sfmoneymusings
sfmoneymusings
13 years ago

Wow, I can’t believe you spent so much on books! I bought one writing book last month at full price but I justified it because the author offered to sign my copy after I emailed him and asked.

What about clothing expenses? I’m assuming you don’t buy clothes often?

Thanks for sharing such specific numbers and thoughts. It doesn’t make me feel so guilty when I enjoy the things I buy.

I’ve never tried that restaurant but I love Nikolas? or Nikolai’s in the East Burnside area of Portland. Their coffee is amazing.

Don
Don
13 years ago

Hmm…I do recall you getting a Wii…did you include that in entertainment? Just trying to keep you honest 😉

Peg
Peg
13 years ago

“Batman and Superman won’t pay for retirement.”

I do actually know someone who came up with the down payment for his house by selling his comic book collection.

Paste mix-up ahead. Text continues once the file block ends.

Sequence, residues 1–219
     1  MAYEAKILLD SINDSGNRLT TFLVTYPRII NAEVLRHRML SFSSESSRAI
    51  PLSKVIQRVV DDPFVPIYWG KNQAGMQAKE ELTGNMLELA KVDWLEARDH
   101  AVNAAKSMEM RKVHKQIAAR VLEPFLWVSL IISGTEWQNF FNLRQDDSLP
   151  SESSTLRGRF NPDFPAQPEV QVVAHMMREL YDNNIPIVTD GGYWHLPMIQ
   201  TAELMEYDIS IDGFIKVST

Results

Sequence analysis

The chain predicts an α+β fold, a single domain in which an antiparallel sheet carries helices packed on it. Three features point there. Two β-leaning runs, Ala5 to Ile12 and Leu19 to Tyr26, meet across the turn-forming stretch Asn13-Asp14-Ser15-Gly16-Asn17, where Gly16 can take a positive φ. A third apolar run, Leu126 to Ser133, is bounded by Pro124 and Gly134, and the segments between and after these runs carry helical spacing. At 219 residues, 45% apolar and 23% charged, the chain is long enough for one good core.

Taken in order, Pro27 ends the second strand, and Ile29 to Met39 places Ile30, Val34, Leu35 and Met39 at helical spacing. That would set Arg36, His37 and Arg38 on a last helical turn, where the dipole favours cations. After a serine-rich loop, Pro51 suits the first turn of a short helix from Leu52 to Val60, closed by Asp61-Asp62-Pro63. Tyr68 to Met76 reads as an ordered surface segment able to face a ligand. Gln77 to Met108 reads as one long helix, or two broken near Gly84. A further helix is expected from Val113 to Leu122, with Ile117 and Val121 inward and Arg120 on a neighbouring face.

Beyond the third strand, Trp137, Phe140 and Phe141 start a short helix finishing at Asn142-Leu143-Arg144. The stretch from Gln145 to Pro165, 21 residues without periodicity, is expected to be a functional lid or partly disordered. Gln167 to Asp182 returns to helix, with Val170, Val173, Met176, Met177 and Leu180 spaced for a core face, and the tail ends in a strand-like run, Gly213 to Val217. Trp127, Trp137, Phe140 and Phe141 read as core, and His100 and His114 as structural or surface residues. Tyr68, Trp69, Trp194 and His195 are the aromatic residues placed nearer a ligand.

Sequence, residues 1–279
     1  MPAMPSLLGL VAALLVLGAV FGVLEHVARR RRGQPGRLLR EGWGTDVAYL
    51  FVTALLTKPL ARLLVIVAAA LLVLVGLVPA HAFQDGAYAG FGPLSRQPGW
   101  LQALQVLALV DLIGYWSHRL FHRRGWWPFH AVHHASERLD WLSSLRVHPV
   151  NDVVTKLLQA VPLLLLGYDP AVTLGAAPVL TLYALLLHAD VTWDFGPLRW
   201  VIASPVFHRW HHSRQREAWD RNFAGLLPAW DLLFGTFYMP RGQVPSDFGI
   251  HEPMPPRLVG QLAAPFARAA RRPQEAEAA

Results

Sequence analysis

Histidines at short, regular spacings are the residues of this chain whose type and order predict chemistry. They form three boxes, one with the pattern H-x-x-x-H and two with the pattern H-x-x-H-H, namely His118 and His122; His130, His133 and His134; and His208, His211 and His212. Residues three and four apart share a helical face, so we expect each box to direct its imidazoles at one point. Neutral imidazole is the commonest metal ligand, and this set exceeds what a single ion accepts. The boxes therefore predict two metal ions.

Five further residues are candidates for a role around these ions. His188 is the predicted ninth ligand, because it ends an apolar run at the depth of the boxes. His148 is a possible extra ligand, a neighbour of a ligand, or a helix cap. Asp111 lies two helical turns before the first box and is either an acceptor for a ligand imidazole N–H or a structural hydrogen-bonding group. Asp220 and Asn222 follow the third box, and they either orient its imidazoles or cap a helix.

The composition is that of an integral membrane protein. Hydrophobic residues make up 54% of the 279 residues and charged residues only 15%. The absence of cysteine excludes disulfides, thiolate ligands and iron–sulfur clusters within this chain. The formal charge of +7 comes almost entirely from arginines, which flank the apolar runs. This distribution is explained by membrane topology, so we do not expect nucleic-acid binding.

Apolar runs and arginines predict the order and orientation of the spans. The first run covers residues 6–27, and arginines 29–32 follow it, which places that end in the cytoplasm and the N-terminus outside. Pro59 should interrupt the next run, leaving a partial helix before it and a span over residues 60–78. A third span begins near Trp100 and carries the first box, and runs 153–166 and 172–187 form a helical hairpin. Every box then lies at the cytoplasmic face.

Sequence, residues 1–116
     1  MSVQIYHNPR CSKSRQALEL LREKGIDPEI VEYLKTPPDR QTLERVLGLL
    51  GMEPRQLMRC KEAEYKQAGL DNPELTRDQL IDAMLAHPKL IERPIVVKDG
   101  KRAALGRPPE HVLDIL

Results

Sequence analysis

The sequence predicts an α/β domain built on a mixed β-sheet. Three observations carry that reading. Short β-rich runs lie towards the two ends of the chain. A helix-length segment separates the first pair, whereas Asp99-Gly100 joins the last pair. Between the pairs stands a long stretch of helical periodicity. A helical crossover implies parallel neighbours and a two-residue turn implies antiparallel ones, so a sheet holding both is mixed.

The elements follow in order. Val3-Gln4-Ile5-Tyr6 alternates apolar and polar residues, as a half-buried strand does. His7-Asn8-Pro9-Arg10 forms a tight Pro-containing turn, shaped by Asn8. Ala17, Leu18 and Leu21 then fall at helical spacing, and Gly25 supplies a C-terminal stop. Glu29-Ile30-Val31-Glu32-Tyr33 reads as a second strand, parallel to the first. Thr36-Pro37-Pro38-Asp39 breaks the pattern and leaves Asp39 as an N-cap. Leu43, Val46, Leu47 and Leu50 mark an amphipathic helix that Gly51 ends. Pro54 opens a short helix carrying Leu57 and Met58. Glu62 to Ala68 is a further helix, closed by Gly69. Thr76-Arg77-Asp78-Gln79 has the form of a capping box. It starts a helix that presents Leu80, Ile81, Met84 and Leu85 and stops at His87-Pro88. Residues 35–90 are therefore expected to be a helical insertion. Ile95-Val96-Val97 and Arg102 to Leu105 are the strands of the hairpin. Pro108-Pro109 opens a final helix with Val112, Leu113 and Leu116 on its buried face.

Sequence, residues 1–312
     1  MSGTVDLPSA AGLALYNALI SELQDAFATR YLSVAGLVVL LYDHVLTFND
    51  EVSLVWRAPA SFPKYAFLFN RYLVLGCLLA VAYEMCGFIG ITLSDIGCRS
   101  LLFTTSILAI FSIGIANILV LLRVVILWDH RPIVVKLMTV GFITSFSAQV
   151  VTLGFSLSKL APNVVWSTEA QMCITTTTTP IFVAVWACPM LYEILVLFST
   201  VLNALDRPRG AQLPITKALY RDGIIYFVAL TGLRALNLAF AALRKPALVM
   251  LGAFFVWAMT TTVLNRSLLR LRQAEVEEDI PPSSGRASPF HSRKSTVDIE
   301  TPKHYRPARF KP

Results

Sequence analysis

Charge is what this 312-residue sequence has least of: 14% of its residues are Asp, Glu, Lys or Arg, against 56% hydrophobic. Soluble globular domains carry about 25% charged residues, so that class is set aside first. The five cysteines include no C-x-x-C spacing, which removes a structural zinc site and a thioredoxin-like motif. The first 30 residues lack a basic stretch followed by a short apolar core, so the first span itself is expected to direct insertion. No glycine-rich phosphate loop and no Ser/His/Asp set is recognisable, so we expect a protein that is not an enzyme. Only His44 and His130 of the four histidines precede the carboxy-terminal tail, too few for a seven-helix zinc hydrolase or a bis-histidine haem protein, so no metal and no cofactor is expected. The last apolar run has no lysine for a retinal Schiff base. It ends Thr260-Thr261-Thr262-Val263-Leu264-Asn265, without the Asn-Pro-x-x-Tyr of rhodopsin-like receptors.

Bobby
Bobby
13 years ago

“…Batman and Superman won’t pay for retirement.”

Like Peg said, I wouldn’t be too sure. It depends on which comics you are buying. There are some on ebay in excess of $1K each.

http://search.ebay.com/superman_Comics_W0QQcatrefZC6QQfromZR10QQfsooZ2QQfsopZ3QQftrtZ1QQftrvZ1QQsacatZ63QQsbrsrtZl

http://collectibles.search.ebay.com/batman_Comics_W0QQcatrefZC6QQfromZR10QQfsooZ2QQfsopZ3QQftrtZ1QQftrvZ1QQsacatZ63QQsbrsrtZlQQssPageNameZWLRS

Andy
Andy
13 years ago

The sin category is awesome!

George Burke
George Burke
13 years ago

The book savings category is HUGE. The average book consumer buying 3 new books per month pays close to $60 every month. Maybe buying these books isn’t necessary. BookSwim.com, http://www.bookswim.com, is a library book club service that allows book rentals, Netflix-style.

Ed
Ed
13 years ago

I have some comics to sell if you are interested 😉
SpiderMan/Mary Jane wedding